Do you have an estimate of when the turbulence will be over? Or will it just be a new turbulence?
Some economists have estimated that anywhere between 20% and 50% of people who would buy hearing aids now will try these over-the-counter products or PSAPs, which are available to individuals who don’t necessarily have hearing impairment.
Assuming that the FDA drops this legislation in Q1 of 2021, economic theory suggests it will take about a quarter for us, as providers, to actually see a decline in the number of units sold. The next three quarters will continue to be painful as the early adopters try OTC hearing aids, then you will see a rise in traditional hearing aid sales about a year after the FDA releases its protocol.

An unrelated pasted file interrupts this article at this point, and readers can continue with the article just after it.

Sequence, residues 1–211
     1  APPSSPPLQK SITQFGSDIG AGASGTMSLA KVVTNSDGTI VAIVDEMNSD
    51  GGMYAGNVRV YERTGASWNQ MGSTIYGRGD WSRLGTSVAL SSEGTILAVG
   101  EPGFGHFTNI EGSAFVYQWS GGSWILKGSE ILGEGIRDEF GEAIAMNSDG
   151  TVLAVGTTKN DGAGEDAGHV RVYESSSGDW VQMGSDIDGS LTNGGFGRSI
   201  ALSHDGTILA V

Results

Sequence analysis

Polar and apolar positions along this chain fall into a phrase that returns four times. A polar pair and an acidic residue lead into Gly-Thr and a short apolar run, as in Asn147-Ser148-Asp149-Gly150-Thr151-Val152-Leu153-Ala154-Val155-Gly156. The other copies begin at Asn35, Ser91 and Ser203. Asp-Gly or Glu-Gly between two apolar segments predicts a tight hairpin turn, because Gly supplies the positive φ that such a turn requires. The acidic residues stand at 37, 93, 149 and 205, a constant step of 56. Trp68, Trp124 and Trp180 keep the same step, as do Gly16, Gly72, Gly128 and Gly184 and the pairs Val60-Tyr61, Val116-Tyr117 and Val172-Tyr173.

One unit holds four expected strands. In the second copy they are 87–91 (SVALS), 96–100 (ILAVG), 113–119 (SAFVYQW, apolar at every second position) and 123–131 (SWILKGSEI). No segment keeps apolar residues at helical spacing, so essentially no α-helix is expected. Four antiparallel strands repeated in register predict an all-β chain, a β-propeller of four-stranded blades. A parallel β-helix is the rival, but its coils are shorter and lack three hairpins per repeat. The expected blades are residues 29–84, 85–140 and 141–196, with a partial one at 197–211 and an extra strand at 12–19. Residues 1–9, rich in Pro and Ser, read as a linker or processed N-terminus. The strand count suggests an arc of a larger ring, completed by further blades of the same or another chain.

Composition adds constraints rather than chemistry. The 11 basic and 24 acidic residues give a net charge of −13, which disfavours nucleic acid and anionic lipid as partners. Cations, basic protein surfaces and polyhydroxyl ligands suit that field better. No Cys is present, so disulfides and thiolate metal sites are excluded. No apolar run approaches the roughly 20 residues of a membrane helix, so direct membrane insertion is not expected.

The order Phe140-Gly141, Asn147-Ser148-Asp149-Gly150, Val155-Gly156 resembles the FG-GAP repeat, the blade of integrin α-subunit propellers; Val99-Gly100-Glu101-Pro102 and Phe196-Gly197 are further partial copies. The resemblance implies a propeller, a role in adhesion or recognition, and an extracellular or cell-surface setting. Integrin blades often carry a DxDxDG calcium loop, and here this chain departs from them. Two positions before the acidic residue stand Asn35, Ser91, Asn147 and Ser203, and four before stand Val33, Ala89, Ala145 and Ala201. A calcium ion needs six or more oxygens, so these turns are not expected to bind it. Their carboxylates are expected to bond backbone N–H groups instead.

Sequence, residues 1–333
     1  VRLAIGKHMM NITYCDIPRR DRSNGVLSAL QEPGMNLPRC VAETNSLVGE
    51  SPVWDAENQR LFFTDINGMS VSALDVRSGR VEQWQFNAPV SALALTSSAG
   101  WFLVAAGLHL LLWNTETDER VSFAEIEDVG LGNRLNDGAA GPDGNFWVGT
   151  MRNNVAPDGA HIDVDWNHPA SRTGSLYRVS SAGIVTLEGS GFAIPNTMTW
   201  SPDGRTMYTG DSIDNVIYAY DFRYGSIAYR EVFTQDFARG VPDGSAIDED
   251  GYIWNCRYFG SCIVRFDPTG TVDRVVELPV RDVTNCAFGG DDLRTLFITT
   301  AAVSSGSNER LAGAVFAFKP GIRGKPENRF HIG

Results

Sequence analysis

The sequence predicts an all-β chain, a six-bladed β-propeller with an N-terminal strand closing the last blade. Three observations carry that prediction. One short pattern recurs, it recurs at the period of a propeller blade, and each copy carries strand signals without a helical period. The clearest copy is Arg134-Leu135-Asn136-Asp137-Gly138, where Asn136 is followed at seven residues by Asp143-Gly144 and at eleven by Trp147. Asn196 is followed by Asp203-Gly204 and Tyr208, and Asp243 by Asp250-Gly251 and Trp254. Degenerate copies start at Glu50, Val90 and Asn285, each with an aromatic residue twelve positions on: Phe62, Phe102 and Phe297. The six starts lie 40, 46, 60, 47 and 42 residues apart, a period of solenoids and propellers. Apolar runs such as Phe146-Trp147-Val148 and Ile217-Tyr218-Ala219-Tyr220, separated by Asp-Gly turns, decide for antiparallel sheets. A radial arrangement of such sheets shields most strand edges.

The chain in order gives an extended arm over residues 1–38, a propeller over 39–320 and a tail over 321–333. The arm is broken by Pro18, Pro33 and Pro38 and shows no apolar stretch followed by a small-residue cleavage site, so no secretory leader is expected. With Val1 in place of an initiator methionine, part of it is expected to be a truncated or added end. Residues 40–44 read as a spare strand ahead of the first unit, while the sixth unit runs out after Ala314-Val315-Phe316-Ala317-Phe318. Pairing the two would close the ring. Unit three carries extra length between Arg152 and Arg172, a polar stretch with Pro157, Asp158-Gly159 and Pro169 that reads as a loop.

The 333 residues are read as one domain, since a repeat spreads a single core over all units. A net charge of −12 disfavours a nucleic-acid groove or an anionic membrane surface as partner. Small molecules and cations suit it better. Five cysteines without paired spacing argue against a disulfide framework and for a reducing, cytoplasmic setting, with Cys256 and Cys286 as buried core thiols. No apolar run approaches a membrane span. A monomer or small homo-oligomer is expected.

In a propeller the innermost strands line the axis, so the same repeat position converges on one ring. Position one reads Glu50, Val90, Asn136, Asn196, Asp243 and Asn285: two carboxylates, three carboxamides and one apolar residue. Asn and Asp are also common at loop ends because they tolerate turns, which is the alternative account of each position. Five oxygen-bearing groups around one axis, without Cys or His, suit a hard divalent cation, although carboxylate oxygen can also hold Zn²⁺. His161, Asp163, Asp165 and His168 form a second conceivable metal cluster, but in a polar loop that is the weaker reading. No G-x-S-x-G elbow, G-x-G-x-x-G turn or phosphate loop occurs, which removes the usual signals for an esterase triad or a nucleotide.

Then we’ll see another dip as the people who are not early adopters start to investigate the new OTC technology. This will be a much deeper, steeper decline than the first one, but then we’ll get past it and level out. If I had to estimate, there will probably be about three years of turbulence in this market starting in 2021.
What is most important for private practices to know?
The takeaway points are this: The provider and the medical model are no longer it. Those days are gone. The consumer is going to be more engaged in their hearing health care and also, to some degree, how much time they invest with you.
It’s a partnership. The better we, as providers, can embrace that partnership, the more opportunities we’ll have. If we can embrace these changes, the coming turbulent times won’t be so turbulent.